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maximum extent allowable by current zoning laws (e.g. Bockstael, 1996; Carrion-Flores and Irwin, 2004; Levine, 2006). Further, a common land-use planning tool is a ‘‘build-out’’ analysis (e.g. Conway and Lathrop, 2004; Lathrop et al., 2007), which refers to a steady-state where all land has been developed to the maximum extent allowable by current zoning laws. However, the extent to which density decisions are bound by zoning rules is an empirical question that can only be answered by basing forecasts on models of observed density decisions in response to alternative zoning rules. 3. Econometric framework and application In contrast to the commonly modeled case of an agricultural landowner converting their land to residential use, the development process on lake shorelines is dominated by the further subdivision of existing residential parcels. An extended exposition of the model used here can be found in Lewis et al. (2009), who originally developed the model to examine and test for the separability between an individual landowner’s lot size and neighboring open space. While the land-use literature has consistently found evidence that open-space conservation can stimulate the development of neighboring agricultural lands (e.g. Bockstael, 1996; Irwin and Bockstael, 2004), results in Lewis et al. (2009) show that local open-space conservation can reduce the probability of further subdividing existing residential land when open space and lot size are complements in the land value function.6 3.1. Econometric model A lake shoreline owner’s decision problem is modeled in terms of the reduced-form net value of creating mt new parcels at time t, mt = 1,2, . . .,. Let m* defines the number of new lots that maximize the value of land, conditional on subdivision. Given the integer nature of data regarding the number of new parcels, the variable m* is assumed to be Poisson-distributed, and its expected value depends on a set of parcel and lake characteristics wnt , and a random variable hn, observable to landowner n but not the researcher. Conditional on subdivision and wnt and hn, the probability that m* = m, is a zerotruncated Poisson: Pr½m ¼ mjwnt ; hn  ¼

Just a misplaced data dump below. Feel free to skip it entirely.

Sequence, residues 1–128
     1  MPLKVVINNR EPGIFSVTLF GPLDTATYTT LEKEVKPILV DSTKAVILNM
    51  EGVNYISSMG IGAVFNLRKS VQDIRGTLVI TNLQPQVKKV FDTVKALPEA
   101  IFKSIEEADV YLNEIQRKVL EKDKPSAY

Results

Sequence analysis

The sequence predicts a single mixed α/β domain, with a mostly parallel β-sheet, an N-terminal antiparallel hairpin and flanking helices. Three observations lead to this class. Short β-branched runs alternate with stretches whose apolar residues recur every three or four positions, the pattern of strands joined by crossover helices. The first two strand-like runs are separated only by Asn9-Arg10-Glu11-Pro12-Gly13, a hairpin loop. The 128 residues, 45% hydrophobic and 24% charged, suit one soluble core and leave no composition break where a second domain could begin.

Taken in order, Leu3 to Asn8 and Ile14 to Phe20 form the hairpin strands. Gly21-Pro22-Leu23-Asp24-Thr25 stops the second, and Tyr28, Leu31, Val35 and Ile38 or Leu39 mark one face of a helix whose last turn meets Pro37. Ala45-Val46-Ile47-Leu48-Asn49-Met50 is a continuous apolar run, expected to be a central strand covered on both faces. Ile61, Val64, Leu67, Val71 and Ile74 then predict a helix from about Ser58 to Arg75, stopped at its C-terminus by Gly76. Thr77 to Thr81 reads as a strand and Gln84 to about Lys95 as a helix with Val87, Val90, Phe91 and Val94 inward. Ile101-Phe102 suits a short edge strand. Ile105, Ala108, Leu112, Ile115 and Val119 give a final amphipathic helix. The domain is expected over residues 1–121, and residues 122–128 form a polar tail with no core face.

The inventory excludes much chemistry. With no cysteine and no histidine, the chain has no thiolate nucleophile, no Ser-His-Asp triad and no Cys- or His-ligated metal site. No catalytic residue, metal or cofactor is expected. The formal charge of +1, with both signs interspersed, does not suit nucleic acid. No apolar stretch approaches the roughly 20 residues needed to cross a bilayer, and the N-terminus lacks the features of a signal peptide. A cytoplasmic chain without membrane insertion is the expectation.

eexpðuwnt þs 2 hn Þ ðexpðu wnt þ s 2 hn ÞÞ m!ð1  eexpðuwnt þs 2 hn Þ Þ